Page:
I spent roughly 3 hours topside. Lorraine was kind enough to ferry up the supplies. Things like detailing spray, clay bars, paint sealant, microfibre cloths and fluids. Even though it was a cloudy day, there was enough heat and humidity to produce a lot of sweat. The constant moving along with the cleaning and waxing activities does constitute a pretty good workout.

Here is a short video about the experience up on the roof.

Weird AV Settings


Weird AV Settings.

That was the title of a post over at the iRV2 Newmar Forum. And it reads, in part:

I finally got to sit down tonight and figure out what in the world was going on with the AV setup in 2015 DSDP. I’m fairly AV savvy and was mostly stymied by not having (a) time, (b) extra cables from my big pile back home, and (c) the ability to take apart that insane amount of velcro holding all the boxes in the cabinet above the driver.

This is a picture of our AV Cabinet in the Castaway:


Since that picture was taken, I have added two 120mm fans to pull heat out of the cabinet, one Harmony Hub universal remote base station, one IR blaster, and a Bell HD satellite receiver. I also need to add an Apple TV. But right now there is too much clutter and not enough space.

Installed in the coach was a cheap Sony STR-DH550 AV Receiver, a Sony BDP-1500 Blu-Ray player, a Winegard Trav’ler base station, two splitters and lots of cables.

Nothing about this setup makes much sense to me. What was bad? Well, a cheap subwoofer hidden inside the kitchen cabinet. The front grill literally a few millimetres from the cabinet sidewall. Incorrect settings for the surround sound receiver — all speakers were set to large and, with 3-inch drivers, they are certainly not large. No ability to see the receiver settings on the TV panels because of the way in which the cabling was interconnected. Lots of heat and no space for adding or changing components. Way, way too many remotes. The first thing I purchased for the AV cabinet was a Logitech Universal Remote.

I have to literally empty the cabinet and get myself a bit more room in there. The receiver barely fits in the space which will limit my choices in terms of a replacement unit. There is no shelving to create some distance between the components. And the default routing of the HDMI cables limits the functionality of the various components. One example is dropping the Audio Return Channel functionality with HDMI. The living room TV returns audio through a digital cable, not through HDMI. Unnecessary cable run. Another example is not being able to program the receiver using the receiver’s GUI on the TV screen. The only way to program the receiver is by using the receiver’s small LCD panel.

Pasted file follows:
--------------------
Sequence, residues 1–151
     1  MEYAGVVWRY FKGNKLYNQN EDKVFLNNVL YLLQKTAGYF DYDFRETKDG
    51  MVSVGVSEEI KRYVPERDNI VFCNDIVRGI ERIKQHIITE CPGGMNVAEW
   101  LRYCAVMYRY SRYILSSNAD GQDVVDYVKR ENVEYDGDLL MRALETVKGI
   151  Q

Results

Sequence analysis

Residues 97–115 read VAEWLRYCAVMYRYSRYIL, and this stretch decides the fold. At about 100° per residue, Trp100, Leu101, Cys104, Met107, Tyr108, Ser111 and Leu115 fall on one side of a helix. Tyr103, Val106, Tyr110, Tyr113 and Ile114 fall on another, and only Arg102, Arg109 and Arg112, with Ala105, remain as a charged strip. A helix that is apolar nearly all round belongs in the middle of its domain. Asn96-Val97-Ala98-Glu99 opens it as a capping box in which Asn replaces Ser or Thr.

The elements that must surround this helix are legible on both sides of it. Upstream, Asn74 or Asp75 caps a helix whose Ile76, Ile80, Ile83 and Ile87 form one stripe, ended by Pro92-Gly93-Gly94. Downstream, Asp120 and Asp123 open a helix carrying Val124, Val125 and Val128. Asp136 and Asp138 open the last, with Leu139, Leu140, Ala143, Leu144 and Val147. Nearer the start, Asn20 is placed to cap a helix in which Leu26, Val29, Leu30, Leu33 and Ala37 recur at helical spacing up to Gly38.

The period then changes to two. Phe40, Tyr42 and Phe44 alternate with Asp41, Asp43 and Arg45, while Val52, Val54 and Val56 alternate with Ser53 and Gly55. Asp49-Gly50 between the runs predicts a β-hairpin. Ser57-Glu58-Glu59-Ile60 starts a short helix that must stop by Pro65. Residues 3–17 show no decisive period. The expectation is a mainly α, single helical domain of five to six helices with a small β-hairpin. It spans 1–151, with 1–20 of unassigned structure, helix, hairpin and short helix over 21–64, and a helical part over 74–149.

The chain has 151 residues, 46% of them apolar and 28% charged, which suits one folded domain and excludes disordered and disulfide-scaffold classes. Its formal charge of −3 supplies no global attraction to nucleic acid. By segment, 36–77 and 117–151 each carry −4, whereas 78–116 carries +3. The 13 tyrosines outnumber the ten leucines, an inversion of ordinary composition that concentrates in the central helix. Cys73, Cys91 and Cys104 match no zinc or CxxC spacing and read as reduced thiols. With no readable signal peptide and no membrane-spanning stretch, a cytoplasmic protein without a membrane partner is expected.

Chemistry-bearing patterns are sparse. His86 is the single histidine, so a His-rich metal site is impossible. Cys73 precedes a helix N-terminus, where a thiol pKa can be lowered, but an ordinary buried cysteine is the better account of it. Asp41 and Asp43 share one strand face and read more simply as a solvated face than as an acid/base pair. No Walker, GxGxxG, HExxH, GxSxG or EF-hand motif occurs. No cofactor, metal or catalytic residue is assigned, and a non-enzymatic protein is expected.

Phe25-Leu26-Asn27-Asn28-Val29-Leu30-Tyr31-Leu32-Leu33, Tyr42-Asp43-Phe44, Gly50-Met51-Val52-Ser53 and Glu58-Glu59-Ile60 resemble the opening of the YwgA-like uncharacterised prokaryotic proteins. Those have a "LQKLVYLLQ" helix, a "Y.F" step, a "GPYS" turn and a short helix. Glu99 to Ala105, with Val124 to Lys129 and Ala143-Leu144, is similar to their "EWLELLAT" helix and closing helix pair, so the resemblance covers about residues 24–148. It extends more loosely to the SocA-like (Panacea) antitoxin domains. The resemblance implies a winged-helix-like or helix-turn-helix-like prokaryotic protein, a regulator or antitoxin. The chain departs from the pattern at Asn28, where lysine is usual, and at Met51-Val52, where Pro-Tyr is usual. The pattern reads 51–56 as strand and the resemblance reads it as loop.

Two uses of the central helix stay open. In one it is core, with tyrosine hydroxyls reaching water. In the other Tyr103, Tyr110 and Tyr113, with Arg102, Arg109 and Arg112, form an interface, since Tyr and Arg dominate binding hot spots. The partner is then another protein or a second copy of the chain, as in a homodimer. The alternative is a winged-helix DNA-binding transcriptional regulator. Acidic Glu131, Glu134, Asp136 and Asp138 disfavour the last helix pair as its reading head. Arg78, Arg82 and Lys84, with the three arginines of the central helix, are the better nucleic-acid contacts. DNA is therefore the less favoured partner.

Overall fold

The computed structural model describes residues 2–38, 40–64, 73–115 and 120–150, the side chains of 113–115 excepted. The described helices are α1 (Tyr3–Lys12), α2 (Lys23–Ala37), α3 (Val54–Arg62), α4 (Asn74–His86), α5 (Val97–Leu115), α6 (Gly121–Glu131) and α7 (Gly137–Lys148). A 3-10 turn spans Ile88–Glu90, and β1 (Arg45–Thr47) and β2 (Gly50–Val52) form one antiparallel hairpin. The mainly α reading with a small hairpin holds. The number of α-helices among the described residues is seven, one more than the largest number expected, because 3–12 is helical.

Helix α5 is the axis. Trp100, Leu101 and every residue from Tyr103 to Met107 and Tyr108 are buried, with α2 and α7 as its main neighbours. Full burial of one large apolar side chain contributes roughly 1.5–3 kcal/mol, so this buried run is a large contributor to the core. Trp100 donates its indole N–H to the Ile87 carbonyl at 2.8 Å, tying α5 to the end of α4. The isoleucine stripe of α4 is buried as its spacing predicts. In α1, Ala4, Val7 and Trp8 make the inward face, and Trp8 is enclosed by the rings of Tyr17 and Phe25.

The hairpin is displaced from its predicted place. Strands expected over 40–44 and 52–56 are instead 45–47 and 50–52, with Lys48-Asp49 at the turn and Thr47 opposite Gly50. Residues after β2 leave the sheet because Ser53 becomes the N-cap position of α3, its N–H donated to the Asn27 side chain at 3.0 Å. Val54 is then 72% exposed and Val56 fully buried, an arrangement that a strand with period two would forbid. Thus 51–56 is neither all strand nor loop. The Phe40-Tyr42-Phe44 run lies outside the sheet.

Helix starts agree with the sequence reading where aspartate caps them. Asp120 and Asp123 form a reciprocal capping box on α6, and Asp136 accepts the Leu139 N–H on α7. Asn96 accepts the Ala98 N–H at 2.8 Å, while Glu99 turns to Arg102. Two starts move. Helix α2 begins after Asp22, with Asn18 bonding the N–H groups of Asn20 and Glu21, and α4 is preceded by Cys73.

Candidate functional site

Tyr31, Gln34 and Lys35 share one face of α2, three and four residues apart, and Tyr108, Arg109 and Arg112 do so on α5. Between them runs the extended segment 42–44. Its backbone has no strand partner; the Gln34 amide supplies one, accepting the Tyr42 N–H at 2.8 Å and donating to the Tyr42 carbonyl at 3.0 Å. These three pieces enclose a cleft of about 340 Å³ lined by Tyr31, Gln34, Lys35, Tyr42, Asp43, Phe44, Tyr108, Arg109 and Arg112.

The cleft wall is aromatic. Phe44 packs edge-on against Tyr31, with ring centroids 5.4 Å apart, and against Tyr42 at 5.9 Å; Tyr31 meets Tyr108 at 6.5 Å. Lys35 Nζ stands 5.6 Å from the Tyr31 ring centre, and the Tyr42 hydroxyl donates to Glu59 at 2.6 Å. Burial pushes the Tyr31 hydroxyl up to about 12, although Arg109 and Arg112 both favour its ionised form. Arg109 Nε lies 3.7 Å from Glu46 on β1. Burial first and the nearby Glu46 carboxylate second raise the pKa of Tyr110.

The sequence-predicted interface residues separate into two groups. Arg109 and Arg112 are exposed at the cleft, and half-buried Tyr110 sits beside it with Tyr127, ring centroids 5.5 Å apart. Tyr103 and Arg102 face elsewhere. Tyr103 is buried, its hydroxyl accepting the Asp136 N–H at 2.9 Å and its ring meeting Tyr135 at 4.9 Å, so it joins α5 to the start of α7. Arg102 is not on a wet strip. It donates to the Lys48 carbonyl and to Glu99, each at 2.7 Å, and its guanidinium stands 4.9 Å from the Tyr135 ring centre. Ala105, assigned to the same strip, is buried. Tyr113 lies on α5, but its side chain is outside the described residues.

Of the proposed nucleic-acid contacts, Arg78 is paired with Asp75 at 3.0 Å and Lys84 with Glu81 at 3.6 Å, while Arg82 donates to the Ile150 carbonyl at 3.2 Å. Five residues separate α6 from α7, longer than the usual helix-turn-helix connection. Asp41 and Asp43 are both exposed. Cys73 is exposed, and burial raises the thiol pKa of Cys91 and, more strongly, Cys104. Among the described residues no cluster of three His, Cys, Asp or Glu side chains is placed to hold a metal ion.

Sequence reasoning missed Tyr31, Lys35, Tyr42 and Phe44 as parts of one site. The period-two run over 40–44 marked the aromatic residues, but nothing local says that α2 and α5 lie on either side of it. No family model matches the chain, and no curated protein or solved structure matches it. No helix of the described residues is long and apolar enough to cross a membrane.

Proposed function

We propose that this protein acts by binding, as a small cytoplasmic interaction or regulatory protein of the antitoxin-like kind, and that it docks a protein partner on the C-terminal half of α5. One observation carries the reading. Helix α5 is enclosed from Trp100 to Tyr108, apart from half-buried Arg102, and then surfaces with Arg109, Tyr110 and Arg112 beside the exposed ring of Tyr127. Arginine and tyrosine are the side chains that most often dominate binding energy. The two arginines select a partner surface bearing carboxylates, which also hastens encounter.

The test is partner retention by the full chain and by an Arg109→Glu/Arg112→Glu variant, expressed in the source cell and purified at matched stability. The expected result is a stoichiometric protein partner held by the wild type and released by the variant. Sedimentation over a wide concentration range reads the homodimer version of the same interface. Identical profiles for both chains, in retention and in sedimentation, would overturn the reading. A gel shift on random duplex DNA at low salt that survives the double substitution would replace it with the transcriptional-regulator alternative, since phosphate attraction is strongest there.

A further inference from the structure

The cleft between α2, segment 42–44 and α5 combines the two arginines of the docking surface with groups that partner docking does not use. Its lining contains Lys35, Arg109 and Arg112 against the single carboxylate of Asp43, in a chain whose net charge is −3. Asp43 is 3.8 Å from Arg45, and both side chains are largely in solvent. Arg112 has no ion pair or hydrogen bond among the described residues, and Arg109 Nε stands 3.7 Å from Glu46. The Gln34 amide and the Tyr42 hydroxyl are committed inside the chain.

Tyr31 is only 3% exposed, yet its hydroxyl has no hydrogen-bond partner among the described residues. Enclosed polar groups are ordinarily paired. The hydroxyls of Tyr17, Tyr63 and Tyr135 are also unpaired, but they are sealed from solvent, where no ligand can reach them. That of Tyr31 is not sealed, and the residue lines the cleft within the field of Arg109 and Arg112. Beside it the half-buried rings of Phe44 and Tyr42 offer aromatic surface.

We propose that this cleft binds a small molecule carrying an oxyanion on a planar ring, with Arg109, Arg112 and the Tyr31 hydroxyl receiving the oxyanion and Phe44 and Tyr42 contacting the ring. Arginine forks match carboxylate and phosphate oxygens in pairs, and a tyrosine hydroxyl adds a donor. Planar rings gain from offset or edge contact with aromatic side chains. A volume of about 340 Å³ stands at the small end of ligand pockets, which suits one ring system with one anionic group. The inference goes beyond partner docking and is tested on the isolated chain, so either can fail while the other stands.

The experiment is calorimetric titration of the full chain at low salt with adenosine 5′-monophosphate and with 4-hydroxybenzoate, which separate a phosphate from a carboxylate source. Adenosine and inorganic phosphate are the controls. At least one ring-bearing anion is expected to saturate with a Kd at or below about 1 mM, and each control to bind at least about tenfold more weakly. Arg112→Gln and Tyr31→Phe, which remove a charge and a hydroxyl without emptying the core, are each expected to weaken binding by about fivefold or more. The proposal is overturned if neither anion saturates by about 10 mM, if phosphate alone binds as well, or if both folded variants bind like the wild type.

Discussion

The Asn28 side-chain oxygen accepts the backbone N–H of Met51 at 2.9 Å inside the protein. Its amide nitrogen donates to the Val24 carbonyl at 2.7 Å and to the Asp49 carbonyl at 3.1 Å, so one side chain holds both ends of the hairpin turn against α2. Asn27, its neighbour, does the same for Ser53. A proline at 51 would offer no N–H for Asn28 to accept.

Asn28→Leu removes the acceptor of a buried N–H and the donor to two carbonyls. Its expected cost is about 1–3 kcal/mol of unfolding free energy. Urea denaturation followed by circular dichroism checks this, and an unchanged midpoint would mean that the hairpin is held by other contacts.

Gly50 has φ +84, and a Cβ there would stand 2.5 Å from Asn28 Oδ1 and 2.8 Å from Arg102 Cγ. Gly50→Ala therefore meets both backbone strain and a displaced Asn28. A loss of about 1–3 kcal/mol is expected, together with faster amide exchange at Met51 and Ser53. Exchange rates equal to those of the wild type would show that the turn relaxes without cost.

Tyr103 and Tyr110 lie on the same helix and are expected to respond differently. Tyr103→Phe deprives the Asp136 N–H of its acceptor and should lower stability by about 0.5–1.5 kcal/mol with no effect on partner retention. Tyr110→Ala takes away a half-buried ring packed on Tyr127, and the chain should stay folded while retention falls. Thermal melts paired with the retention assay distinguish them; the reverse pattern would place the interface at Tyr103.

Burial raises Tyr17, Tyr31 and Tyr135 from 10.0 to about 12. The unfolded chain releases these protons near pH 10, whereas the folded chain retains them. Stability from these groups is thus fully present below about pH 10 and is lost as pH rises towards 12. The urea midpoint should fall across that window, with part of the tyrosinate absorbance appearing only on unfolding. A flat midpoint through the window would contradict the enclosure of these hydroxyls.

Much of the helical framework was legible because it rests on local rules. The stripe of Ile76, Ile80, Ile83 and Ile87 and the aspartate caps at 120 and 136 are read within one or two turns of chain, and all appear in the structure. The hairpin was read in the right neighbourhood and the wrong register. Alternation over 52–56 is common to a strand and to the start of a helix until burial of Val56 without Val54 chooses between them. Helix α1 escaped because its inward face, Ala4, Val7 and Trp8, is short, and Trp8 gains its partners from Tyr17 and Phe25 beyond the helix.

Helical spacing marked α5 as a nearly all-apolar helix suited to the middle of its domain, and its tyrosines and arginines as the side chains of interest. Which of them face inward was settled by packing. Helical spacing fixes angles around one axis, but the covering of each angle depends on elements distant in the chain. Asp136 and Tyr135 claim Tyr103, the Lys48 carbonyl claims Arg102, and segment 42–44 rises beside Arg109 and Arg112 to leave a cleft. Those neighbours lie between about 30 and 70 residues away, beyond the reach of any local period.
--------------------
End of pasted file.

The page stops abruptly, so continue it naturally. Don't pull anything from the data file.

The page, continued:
The only physical change that I have made to the setup thus far is to connect an external subwoofer. It is placed behind one of the recliners. I also changed the speaker setting to small and set up the crossover to allow the subwoofer to shoulder most of the work on the lower end of the frequency spectrum. It sounds so much better now.

I have a compact subwoofer on order as the one I am using is really too large for the space. I will be installing a Cambridge Audio Minx X201 powered subwoofer. It is very compact at roughly 8.5 inches wide x 8.5 inches high x 10 inches deep. I will need to make my first hole in my coach to route the subwoofer cable through the back of the kitchen cabinet to the new subwoofer. I suppose a coach really isn’t your own until you make that first opening. This small subwoofer should be fine for the size of the listening area.

Obviously, audio is not a strong suit of the Newmar Dutch Star. The components are functional as entry level components go but I will be replacing all of the audio components: receiver, blu-ray player, speakers. The listening space will sound significantly better with a better set of speakers.

This is a time consuming project though and one that I won’t start for a while. The external subwoofer along with a few setting changes make the system bearable in the short term.

RV Ladders


I need a different ladder.

For when we travel.

The coach is tall and I need a ladder that can get me on the roof as well as allow me to get to the upper areas of the coach, like the windshield. And this ladder needs to fold up into a compact form so that we can carry it in the basement of the coach.

If you take a look at this video, you can see the type of ladder I do not want. That looks like one dangerous way to get on the roof of a Newmar Dutch Star (same model of coach as our Castaway). You can watch the entire video if you wish as it does have some interesting perspectives on risk management and staying healthy. I’ve pointed the video to start at where he gets up on the roof.

At my age, I need a less risky path. The choice of ladder for me will be a telescoping ladder like this one from Werner:



This ladder is available from Home Depot here in Canada for under $200. A similar design, Little Giant Ladder, is also available in Canada at an outrageous price. In the States, it sells for about $250USD. In Canada they want over $500 CAD for the ladder. Ouch.

The Werner can function as a step ladder, up to 9 feet, and it can function as an extension ladder up to 19 feet, more than enough to safely get on the roof of the coach.

I’ll also be able to clean the windshield.

I love a clean windshield.